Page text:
Business in Focus with Oonagh O’Brien

The Doyle family are a staple name in the Munster Equestrian sphere – spanning decades in horses and being massively involved in the Munster Showjumping and Grand Prix. 

Timmy Doyle has been a regular competitor on the Showjumping circuit, both at home and abroad,  since a youngster and is a highly successful producer of jumping horses, both for himself and his clients.  Here, I chat to him about the ins and outs of a career in horses, owners expectations and what it is he does, to keep him as one of Ireland’s most sought after young horse producers and rider.

You’ve been on the showjumping circuit a long time now.. there has been a lot of changes over the decades, from animal welfare to jumping surfaces and the level of competitors – has this had any impact on the modern day horse – or indeed rider, in your opinion?

Yes, most riders want a sand surface now, but in my opinion, I think it’s very important for the footing of a grass surface because years ago all horses were hunted before they were jumped and because all major shows around the world, for example Achen and Dublin to name a few, are all grass. Years ago that’s all we had and now days I think we are a little too spoilt for choice. 

With younger horses that you own – what is your approach to sales – do you feel it’s better to sell on early – as a just broken 3 or 4 year old blank slate – or do you prefer to start their education taking them to a few shows and so on?

We like to start and produce and break correctly giving them the right amount of time, taking them to their first show at 4 and moving them up when there 5 or 6. Only doing a couple of shows as a 4 year old.  From my viewpoint, the most important thing is that the horses enjoy their job and not overdo it and make them sour.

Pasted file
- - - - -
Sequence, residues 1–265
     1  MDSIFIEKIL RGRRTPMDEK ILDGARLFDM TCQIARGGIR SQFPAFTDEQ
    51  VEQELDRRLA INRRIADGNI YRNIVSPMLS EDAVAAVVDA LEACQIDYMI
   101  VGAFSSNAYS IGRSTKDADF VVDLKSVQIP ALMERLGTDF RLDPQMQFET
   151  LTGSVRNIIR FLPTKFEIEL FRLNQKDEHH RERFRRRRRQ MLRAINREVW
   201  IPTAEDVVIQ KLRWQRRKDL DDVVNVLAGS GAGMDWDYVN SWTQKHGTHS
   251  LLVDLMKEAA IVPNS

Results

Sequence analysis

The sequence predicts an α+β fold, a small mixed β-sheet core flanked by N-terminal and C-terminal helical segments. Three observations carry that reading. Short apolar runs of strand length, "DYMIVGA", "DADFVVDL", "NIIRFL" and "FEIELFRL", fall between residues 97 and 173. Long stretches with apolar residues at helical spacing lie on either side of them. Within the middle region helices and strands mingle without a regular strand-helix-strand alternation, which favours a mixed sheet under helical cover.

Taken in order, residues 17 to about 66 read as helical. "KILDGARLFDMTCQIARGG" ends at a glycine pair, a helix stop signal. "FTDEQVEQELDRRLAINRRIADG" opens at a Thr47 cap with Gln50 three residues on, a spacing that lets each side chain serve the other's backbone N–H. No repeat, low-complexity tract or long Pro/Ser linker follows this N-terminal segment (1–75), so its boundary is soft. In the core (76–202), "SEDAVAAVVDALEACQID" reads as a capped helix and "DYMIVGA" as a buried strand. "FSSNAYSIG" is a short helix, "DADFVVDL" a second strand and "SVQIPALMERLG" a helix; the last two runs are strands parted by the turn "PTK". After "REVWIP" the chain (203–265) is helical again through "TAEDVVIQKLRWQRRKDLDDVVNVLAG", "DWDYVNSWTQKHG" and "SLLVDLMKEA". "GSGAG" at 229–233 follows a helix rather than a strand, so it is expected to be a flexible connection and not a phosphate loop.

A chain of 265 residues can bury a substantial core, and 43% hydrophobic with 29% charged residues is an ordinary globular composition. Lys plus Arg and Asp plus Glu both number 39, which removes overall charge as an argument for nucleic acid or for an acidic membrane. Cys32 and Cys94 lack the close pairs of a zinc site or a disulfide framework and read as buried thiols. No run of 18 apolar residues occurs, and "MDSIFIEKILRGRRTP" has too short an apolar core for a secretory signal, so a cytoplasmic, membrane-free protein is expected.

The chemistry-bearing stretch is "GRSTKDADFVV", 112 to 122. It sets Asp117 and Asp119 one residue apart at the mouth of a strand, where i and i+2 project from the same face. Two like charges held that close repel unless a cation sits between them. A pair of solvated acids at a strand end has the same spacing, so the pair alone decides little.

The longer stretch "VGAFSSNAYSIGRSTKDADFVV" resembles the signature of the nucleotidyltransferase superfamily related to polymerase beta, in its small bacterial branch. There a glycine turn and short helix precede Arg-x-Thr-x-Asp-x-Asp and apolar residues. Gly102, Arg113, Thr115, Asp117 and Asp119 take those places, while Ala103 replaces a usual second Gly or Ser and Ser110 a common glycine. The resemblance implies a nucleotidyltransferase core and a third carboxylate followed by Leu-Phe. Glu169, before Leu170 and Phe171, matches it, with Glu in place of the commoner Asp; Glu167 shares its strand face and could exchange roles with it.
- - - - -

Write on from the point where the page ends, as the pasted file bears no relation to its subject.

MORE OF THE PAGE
What is your training philosophy?

With horses in training with us,  we like to get them used to their surroundings.  They are only worked 4 days a week as well as a show and they get two days off so that they enjoy and like their job and not turn sour. We like to let them out on days off as much as possible and let them be horses . Horses are on the walker every day and we also like to school them over fences to get jump fit. A variety is also a very important part of their training –  some days horses get on the walker, some days gallop and some days arena and other days lunge work.

Being given the opportunity to produce a young horse for someone is a huge compliment as well as a huge responsibility. How do you feel knowing that people entrust their horses to you and have the confidence in your riding and horsemanship to bring their horses on?

I take it as a huge honour when people ask me to work with their horse.  This to me means I’m doing something right and they respect my riding. Although there is pressure, there is also a great sense of achievement when you see the horse come on and go on to bigger and better things.  I’m incredibly lucky to have some great owners,  some of which are good friends of mine now. 

Could you ever see yourself doing anything else in life career wise?

No, I don’t think so. Horses have always been my go to. I broke my leg 9 years ago and although it had been a long and rough time being out for 12 months longer than expected; I didn’t delay on getting back on a horse and doing what I love best.  I knew then I was never going to do anything else. Horses are a lot more to me than just a career, they are my passion in life. 

Your main role in the business is riding and competing horses, with your Dad and brother Mark, focusing more so on the breeding side of things, but with this experience combined, it must lead to a very elite eye for a good horse and benefit the production of youngsters to no end – but does it ever lead to difficulties in the choice between breeding, competing or selling?